The Cruelest Cuts,” the Charlotte Observer’s excellent series about “the human cost of bringing poultry to your table,” has won five journalism awards for the Observer.

Reporters Ames Alexander, Kerry Hall, Franco Ordoñez, Ted Mellnik, and Peter St. Onge undertook a 22-month investigation to get the story. They filed FOIA requests for hundreds of poultry-plant inspection files, and interviewed more than 200 current and former poultry workers. What they learned was that poultry-plant workers suffer high rates of crippling injuries, but companies cover up the problem – and workers fear losing their jobs if they complain.

The paper has received a National Headliner award for investigative journalism; the Nieman Foundation Taylor Family Award for Fairness in Newspapers; the American Society of Newspaper Editors Distinguished Writing Award for Local Accountability Reporting; and Society of American Business Editors and Writers awards for project reporting and “creative use of online.” Congratulations to the Charlotte Observer’s award-winning team!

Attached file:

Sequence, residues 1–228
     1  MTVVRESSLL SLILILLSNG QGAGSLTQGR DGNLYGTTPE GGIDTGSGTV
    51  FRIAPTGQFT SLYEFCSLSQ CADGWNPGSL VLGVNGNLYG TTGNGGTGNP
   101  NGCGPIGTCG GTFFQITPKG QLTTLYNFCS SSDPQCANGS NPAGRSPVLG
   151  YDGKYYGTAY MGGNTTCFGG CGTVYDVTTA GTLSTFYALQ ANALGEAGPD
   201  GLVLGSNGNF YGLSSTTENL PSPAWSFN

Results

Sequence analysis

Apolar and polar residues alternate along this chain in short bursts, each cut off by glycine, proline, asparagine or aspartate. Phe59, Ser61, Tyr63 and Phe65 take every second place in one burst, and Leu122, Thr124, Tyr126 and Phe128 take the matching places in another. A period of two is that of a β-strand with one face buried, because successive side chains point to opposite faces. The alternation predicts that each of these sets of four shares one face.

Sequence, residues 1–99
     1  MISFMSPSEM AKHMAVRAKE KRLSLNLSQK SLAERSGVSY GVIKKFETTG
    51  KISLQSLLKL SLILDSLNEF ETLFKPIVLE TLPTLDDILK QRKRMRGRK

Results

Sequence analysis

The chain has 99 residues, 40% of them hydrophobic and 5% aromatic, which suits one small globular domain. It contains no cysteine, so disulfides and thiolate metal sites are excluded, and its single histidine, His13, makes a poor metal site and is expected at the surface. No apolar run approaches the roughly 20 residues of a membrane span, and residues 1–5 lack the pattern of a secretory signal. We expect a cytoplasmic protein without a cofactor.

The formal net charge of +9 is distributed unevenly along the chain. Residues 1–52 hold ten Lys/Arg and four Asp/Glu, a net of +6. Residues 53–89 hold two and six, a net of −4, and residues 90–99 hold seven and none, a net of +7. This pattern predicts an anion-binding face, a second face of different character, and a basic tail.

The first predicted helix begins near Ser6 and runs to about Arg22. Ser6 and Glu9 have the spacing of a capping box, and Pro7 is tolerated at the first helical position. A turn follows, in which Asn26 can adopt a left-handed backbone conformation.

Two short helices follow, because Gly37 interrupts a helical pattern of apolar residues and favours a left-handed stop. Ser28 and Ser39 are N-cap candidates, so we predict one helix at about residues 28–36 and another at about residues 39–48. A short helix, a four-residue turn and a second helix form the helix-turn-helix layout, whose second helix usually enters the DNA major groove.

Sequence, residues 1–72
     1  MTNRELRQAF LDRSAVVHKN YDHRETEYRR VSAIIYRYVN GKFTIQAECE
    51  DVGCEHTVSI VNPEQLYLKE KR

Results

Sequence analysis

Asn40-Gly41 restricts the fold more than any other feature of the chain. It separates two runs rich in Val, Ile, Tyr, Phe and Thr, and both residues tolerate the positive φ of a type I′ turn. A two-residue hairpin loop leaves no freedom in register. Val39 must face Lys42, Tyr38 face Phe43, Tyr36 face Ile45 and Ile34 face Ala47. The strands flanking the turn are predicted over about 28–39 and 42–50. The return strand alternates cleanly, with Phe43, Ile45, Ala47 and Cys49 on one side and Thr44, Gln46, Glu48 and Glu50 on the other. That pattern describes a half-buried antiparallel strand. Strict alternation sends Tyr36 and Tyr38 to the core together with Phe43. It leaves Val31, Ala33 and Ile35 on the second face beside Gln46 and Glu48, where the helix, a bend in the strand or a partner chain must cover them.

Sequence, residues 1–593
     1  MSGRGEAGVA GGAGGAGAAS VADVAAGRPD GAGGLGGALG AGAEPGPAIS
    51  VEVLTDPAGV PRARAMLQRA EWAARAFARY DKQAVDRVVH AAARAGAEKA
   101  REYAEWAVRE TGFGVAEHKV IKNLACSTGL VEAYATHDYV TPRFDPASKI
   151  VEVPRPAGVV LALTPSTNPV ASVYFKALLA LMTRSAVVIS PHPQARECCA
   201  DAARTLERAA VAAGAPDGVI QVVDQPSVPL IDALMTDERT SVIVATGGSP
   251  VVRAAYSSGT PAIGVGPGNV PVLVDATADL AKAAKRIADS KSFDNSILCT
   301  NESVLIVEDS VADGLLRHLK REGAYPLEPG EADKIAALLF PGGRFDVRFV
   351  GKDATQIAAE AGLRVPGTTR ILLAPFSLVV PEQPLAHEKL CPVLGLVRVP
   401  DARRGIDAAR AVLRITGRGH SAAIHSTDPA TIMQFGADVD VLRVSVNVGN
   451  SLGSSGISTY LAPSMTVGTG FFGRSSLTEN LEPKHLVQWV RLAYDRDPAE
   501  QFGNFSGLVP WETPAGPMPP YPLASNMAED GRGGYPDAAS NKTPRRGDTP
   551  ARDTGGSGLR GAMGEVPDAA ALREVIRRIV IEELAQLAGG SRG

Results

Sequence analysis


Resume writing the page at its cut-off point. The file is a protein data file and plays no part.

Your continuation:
In other news:

Washington Post: As supporters of the Employee Free Choice Act continue trying to line up 60 votes in the Senate, some worker rights advocates are exploring alternative ways to reform labor laws.

Associated Press: An investigation by the Government Accountability Office found that the Department of Labor mishandled 9 out of 10 fake complaints about wage or hour violations.

New York Times: Representative Carolyn Maloney of New York has introduced a bill that would reopen the Victim Compensation Fund to Ground Zero workers who developed health problems after the original deadline for applying for compensation.

News-Journal (Florida): Florida lawmakers are considering requiring state and local government agencies to meet worker-safety standard from which they’re currently exempt.

Associated Press : A researcher who may have become infected with the Ebola virus via needlestick has received an experimental vaccine.
UPDATE: The Associated Press reports that the researcher has passed the virus’s 21-day incubation period without falling ill. Doctors don’t know whether it’s because she wasn’t ever infected or because the vaccine worked, but the research community is glad to know that she’s okay.